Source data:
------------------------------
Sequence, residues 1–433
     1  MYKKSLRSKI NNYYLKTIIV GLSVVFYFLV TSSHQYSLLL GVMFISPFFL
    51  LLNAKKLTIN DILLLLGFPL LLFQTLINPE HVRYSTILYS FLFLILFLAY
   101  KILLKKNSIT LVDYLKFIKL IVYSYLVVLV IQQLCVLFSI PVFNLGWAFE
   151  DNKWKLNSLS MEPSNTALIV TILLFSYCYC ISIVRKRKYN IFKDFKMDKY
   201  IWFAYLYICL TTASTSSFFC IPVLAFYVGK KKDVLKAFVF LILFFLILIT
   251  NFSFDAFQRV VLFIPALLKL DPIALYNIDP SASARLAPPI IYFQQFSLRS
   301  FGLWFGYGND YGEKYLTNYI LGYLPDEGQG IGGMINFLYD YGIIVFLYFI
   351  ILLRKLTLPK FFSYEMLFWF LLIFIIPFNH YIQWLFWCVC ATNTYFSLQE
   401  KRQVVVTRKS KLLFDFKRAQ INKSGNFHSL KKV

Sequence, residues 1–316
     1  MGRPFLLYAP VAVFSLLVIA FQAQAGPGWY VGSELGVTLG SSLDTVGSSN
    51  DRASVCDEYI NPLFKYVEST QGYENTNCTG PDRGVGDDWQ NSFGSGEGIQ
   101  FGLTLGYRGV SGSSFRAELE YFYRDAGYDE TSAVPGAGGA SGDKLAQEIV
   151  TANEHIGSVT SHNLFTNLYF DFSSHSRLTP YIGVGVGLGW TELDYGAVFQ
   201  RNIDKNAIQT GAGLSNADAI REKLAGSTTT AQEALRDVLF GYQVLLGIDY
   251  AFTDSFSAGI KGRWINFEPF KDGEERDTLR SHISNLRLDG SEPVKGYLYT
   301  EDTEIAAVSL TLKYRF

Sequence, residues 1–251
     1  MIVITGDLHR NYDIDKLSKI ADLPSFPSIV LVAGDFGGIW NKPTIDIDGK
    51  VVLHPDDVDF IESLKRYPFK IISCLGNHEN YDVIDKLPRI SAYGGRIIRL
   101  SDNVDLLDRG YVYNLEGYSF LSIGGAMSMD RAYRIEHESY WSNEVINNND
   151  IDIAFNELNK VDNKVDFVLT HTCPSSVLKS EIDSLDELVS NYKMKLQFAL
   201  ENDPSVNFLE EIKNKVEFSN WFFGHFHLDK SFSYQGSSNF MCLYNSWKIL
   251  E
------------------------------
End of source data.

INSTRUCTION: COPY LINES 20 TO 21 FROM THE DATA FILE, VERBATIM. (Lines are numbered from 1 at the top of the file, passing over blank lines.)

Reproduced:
     1  MIVITGDLHR NYDIDKLSKI ADLPSFPSIV LVAGDFGGIW NKPTIDIDGK
    51  VVLHPDDVDF IESLKRYPFK IISCLGNHEN YDVIDKLPRI SAYGGRIIRL